I love amaranth! I most often use it as a hot cereal for breakfast. When I want a sweet breakfast I do it up just like cream of wheat. And if I’m in the mood for savory it doubles as grits, delicious!
Not only does amaranth taste great, it’s chockfull of nutrition. First of all it’s a complete protein, which is fabulous for something that tastes just like a “carby” grain. Amaranth is an excellent source of magnesium, iron, phosphorus, copper and zinc and a good source of potassium and folic acid. It also contains twice as much calcium as milk. Not only that, but it is a more absorbable form of calcium than dairy due to the high content of the amino acid lysine. Lysine helps the body absorb calcium, so it is wonderful for nursing or pregnant women, infants and children. In past years it has come to the attention of world health workers that in areas of Africa and Latin America where amaranth is consumed, there exists no malnutrition! Who says we need dairy products to get our calcium?
Amaranth has significant amounts of phytosterols, which research is showing to play a major role in preventing chronic degenerative diseases. It’s wonderful for people with type 2 diabetes; having just the right blend of fiber, protein, and nutrients that has a profound effect on blood sugar regulation.
Even though amaranth is often referred to as a grain– it’s not. It is also a pseudo-grain (false grain) just like buckwheat and quinoa because it’s actually a seed. But lucky for us we can use it in the exact same way as we use grains for cooking!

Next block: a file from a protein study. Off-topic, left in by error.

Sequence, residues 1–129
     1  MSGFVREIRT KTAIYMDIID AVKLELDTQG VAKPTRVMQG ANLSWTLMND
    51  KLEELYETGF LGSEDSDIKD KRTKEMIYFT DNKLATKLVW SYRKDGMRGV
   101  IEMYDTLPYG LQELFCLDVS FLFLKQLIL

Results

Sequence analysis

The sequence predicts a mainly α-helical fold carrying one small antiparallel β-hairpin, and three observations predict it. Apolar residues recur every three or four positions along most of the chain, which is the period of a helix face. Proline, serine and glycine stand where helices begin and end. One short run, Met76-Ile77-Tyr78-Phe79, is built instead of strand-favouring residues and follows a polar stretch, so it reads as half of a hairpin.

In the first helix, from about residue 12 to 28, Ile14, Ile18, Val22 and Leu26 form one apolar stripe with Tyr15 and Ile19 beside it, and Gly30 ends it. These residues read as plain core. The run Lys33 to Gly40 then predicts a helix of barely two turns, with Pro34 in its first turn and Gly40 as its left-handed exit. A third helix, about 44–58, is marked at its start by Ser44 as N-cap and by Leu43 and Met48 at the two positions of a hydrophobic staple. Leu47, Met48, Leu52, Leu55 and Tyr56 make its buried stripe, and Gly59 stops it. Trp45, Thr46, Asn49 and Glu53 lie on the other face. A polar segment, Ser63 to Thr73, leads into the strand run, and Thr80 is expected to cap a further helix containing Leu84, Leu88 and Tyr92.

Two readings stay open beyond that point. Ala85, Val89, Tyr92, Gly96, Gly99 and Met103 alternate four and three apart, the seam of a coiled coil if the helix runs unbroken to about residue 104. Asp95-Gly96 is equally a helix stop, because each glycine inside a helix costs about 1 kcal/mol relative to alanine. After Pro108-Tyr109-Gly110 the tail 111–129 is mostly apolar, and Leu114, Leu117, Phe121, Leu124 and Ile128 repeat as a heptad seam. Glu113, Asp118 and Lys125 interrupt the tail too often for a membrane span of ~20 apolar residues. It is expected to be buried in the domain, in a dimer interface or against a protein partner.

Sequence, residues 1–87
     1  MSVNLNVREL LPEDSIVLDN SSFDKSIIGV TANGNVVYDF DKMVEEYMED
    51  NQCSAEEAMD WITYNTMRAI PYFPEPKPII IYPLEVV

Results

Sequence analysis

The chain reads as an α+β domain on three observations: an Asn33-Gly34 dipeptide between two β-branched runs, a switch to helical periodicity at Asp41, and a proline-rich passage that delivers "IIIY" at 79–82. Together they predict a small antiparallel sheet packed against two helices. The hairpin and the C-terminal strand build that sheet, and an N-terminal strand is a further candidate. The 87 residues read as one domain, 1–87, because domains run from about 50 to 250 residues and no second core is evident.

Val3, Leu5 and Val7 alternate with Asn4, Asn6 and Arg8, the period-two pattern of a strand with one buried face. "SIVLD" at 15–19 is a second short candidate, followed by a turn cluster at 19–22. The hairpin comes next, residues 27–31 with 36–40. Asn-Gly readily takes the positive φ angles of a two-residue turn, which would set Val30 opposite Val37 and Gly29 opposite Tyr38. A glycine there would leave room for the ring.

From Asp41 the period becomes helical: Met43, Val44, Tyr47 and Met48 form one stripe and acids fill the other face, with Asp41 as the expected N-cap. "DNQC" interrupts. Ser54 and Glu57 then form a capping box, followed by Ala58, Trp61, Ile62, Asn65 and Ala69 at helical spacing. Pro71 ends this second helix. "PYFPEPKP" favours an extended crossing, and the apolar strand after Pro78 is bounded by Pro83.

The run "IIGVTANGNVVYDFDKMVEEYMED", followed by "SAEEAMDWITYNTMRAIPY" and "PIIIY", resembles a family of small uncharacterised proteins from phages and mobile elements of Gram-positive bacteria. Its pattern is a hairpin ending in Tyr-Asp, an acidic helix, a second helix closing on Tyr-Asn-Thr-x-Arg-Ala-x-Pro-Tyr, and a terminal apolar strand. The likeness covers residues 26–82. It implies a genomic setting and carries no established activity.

Amaranth is gaining much popularity as people are searching for grain-free, gluten-free options. Amaranth of course comes in its whole seed form and can also be ground into flour and used in baking.
Where to find amaranth:
Amaranth can usually be found at health food stores and of course online.
I purchase whole seed amaranth in the bulk section at my local health food stores. Just make sure that the bins containing the amaranth are covered and that the store has a high turnover to ensure it’s fresh. I usually ground my own amaranth flour in my vitamix or blendtec, but Bob’s Red Mill is a brand that you can find in most health food stores.
How to select and store amaranth:
It’s ideal to keep all varieties of amaranth in the refrigerator or freezer, but since refrigerator space is a high commodity I store small amounts of amaranth in a wide-mouth mason jar in my pantry and try to use it in 4-6 weeks. I always store my amaranth flour should always be stored which in the freezer. It’s fragile oils are highly perishable. Whole seed amaranth can last up to a year, while the flour will keep fresh for several months. So when I find it on sale I stock up and keep it in the freezer.
How to cook amaranth: